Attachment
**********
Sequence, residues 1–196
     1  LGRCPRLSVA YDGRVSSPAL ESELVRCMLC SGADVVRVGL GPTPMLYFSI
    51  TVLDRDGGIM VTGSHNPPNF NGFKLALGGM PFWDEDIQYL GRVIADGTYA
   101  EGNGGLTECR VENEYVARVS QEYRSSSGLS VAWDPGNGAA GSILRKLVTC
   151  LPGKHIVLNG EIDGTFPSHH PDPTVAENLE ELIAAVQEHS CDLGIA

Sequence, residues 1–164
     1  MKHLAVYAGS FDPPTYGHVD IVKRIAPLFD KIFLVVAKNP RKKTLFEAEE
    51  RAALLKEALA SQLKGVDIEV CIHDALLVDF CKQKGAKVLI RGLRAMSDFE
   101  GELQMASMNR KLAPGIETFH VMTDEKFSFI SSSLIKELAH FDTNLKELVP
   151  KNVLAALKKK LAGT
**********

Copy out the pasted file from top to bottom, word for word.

Sequence, residues 1–196
     1  LGRCPRLSVA YDGRVSSPAL ESELVRCMLC SGADVVRVGL GPTPMLYFSI
    51  TVLDRDGGIM VTGSHNPPNF NGFKLALGGM PFWDEDIQYL GRVIADGTYA
   101  EGNGGLTECR VENEYVARVS QEYRSSSGLS VAWDPGNGAA GSILRKLVTC
   151  LPGKHIVLNG EIDGTFPSHH PDPTVAENLE ELIAAVQEHS CDLGIA

Sequence, residues 1–164
     1  MKHLAVYAGS FDPPTYGHVD IVKRIAPLFD KIFLVVAKNP RKKTLFEAEE
    51  RAALLKEALA SQLKGVDIEV CIHDALLVDF CKQKGAKVLI RGLRAMSDFE
   101  GELQMASMNR KLAPGIETFH VMTDEKFSFI SSSLIKELAH FDTNLKELVP
   151  KNVLAALKKK LAGT